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‘Jordan’s stability puts it on global map for artists, performers’

By Muath Freij - Mar 07,2015 - Last updated at Mar 07,2015

Spanish flamenco dancers perform on stage at the Cultural Palace in Amman on Friday (Photo by Muath Freij)

AMMAN — Jordan’s stability and security encourages global artists to perform in the country, and showcase their art and culture to the Jordanian public, according to a Spanish flamenco dancer.

Jesús Carmona, a renowned Spanish flamenco performer, on Friday said the Kingdom’s stability is an important element to encourage artists to visit the country.

“This encourages us to perform because we feel safe here and we feel like this is one of the countries we can come to and visit. It does not mean that we do not feel sorry for the neighbouring countries,” he told The Jordan Times through an interpreter. 

Carmona, together with Karime Amaya and Carlos Rodríguez in addition to several Spanish musicians, performed their Gala Flamenca show in the capital on Friday, organised by Friends of Jordan Festival (FJF). 

Carmona said he and his fellow performers thought the Jordanian audience deserved to see this show.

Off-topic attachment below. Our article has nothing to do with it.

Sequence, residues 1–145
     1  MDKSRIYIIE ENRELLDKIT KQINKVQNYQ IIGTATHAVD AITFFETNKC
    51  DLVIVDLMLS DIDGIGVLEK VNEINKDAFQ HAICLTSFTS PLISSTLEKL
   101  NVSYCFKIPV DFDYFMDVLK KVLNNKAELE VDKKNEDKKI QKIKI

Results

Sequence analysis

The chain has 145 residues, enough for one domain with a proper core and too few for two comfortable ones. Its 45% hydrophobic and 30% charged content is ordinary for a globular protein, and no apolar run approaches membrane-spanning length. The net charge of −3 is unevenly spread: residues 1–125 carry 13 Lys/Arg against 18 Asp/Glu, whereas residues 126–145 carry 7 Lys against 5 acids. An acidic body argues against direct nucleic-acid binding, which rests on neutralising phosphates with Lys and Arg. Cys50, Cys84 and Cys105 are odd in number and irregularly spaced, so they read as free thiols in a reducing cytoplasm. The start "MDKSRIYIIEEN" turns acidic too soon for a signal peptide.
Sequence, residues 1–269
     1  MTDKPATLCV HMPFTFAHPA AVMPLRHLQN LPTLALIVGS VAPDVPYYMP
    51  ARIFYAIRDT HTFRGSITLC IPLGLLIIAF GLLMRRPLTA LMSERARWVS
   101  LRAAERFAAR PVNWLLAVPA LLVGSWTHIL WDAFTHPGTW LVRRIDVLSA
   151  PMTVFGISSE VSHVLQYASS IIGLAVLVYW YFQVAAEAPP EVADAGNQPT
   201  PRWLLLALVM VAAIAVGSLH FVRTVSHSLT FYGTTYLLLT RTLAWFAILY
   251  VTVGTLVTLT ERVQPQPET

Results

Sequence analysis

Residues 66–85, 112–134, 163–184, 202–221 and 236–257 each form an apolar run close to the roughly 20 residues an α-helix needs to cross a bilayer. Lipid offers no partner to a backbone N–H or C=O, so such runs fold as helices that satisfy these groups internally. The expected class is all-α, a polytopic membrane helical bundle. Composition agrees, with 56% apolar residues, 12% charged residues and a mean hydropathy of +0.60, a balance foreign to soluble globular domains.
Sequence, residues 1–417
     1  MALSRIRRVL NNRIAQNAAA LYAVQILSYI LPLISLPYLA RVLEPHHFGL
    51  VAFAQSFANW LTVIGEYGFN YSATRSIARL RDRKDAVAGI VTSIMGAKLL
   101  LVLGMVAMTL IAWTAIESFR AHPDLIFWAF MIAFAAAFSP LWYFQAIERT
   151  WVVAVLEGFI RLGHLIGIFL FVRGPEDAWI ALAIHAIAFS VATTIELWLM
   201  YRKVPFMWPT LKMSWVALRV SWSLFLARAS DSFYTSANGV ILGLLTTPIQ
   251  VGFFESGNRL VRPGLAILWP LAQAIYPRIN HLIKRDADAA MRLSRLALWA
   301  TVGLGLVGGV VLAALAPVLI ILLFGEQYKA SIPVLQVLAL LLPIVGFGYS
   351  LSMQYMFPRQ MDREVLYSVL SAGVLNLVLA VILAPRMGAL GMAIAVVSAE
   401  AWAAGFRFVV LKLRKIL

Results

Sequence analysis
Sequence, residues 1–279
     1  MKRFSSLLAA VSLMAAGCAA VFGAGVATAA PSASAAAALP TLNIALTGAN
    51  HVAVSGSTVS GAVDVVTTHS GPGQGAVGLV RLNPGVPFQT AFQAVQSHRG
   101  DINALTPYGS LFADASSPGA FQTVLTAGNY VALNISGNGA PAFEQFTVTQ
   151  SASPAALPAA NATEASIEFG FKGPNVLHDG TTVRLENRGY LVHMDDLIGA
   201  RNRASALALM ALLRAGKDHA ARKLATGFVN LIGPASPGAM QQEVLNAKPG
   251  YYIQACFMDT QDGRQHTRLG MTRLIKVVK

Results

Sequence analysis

Gala Flamenca is a flamenco festival that brings together the most famous dancers in Spain and this show has been held in several cities in the world, according to organisers.

“We have been travelling around the world, including Hong Kong, Shanghai and London, and we hope the Jordanian people enjoy [the performance] as much as other audiences did,” Carmona said an hour before the show began. 

He noted that flamenco as any other art can help people forget the fear and pressure they deal with especially in regions like the Middle East.

“Of course not only flamenco but any art is a way of expression and art comes from the heart,” Carmona added.

Performers interviewed by The Jordan Times stressed that flamenco helps them express their feelings and is also a way of life for them. 

Amaya, the grand niece of legendary dancer Carmen Amaya, described flamenco as her “life”. 

She noted that Friday’s show was a good opportunity to promote flamenco in the Middle East.

The art of flamenco has developed over the years because it has been mixed with other disciplines and evolved with time, according to Rodríguez.

“There are many young people taking part in the art of flamenco because it is a way of expressing yourself and it flows from the soul,” he noted. 

Rodríguez said flamenco is part of his life “because it is like a sort of therapy and makes you express things that you cannot say with words. I chose it as a way of living and it is a... profession.”  

FJF Executive Director Souha Bawab said flamenco is beloved and known globally and locally.

“Whenever there is a flamenco show, it is attended by many Jordanians,” she added, noting that Friday’s performance was unique because it brought together contemporary and classical flamenco in one show. 

“This show tours important cities all over the world and hosting such an event in Jordan means that the country has its place on the international art map,” she added. 

“Artists like to visit Jordan and perform here.”

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